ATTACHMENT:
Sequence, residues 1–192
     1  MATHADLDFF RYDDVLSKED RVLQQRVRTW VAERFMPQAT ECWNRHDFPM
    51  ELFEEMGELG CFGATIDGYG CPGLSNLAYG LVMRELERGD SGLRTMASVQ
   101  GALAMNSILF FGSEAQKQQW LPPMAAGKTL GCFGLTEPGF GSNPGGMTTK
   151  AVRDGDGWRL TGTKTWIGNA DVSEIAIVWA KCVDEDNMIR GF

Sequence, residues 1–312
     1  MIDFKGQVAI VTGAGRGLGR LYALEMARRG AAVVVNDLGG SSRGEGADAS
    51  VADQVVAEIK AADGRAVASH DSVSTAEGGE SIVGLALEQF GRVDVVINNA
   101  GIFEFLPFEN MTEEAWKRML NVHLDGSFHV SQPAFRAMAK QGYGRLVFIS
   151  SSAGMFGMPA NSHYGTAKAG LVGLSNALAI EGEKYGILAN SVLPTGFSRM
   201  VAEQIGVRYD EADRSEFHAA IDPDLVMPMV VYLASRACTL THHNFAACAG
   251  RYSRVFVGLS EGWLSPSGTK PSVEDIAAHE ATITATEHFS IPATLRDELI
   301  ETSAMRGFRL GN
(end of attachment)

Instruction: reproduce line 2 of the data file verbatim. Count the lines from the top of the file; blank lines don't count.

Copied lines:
     1  MATHADLDFF RYDDVLSKED RVLQQRVRTW VAERFMPQAT ECWNRHDFPM